A strong and handsome man

In human form, Griffin Mill would be a strong and handsome man, shouldering the weight of industry! Next came Tyler’s of Thrupp, renowned cabinet makers, who remained on this site until 1956.

Glider wings

During the Second World War, the mill turned its attention to war work and women were directed to build, astonishingly, enormous Horsa glider wings in the large space under the eaves. These gliders had a wing span of up to twenty seven metres. Without engines they were instrumental in dropping soldiers over enemy lines undetected. There is an undeniable symbiosis between the large stretched canvases that we currently build for artists, and the wooden framed canvas wings of these gliders.

It’s a fact that is not lost on our in-house canvas makers whose largest canvas to date was 2m x 2m. It was carefully carried out of the fire escape, boxed up in the hallway and shipped to Holland!  It is purported that there were huge double doors at the far end of the building where the completed wings were floated out.

Old posters

When the attic was initially cleared out, nails and screws were found floating in enormous blocks of resin that had dripped off the end of the glue-ing base. Each bay was once a work station, with beams and joists decorated with posters of the time. We have uncovered a train excursion poster, a flyer for ‘Aldridges’ and their Christmas stock of dolls for 2 ½ d and a book signing for ‘From the Coal Pit to the Platform’!

Enjoy Art Talks and workshops in the new studio

We continue to craft and create in this wonderful building and welcome all artists and art lovers to join our community. We have a handful of interesting artist and supplier talks scheduled throughout the year.

‘Travels with my Paintbrush’ with Sarah Wimperis. ‘Becoming Vincent’ ~ an illustrated talk with artist Sarah Wimperis who painted for the Oscar nominated animated film ‘Loving Vincent’. ‘Extreme en Plein Air’ with David DJ Johnson who paints on mountain sides and more. Head to our website for more information and to book.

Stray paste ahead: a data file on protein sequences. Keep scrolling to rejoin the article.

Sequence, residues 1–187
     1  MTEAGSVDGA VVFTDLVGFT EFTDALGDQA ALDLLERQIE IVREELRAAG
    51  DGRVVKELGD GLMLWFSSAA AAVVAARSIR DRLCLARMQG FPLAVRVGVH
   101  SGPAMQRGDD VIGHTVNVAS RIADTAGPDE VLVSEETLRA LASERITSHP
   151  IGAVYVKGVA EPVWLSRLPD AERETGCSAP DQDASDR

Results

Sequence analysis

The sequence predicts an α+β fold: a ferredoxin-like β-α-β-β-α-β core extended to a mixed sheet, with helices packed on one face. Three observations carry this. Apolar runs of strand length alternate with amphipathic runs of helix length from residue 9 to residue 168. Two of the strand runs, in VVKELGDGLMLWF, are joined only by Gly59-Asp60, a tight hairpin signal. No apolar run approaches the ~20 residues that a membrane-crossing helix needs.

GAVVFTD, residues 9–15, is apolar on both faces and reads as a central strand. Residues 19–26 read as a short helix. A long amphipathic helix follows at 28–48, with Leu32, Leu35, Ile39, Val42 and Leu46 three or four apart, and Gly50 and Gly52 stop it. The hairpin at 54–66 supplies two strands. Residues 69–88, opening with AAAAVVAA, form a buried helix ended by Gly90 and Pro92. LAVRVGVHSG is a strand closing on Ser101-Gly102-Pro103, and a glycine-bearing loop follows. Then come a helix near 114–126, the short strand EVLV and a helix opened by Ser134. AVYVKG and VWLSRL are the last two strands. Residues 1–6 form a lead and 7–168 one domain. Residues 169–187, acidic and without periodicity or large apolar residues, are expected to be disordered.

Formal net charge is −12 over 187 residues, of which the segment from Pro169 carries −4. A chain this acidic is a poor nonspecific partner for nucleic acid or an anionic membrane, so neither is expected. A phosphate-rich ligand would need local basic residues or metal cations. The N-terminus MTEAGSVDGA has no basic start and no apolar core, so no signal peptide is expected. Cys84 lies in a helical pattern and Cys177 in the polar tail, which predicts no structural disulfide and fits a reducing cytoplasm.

Studio Artists

Teresa Poole – mixed media and decorative artists pecialising in traditional oriental art and contemporary mixed media on canvas and interiors. From murals and paint finishes to furniture and mirrors.

Paul Fowler – fine artist, large oils many with a focus on history, human form and textile.

“The lay figures I work from have been engaged in other artists studios for the past two hundred years. Their history, their place and the space they occupy in our time offers a unique structure for my own work.”

Paul also tutors regular Life Drawing and Drawing classes at Pegasus Art.

Jane Fisher – fine artist, large landscapes, figurative artist, underwater swimmers.

Jane Fisher, director of Pegasus Art. Blog written by Sarah Edmonds Marketing

Stu McLellan – illustrator, painter, project leader.

Instagram @stusshed

Sarah Howard – oil painter.

Carol Honess – printmaker, ceramicist.


Max Hale – fine artist, oils, acrylics, watercolours, drawing.

Max Hale also teaches regular morning and afternoon classes at Pegasus Art.

Julia Adams – fine artist, printmaker.

Amanda by Julia Adams. Blog written by Sarah Edmonds

Julie Fowler – ceramic artist

Studios are open by appointment – please contact the artist directly.

Pegasus Art, Griffin Mill, Stroud GL5 2AZ 01453 886560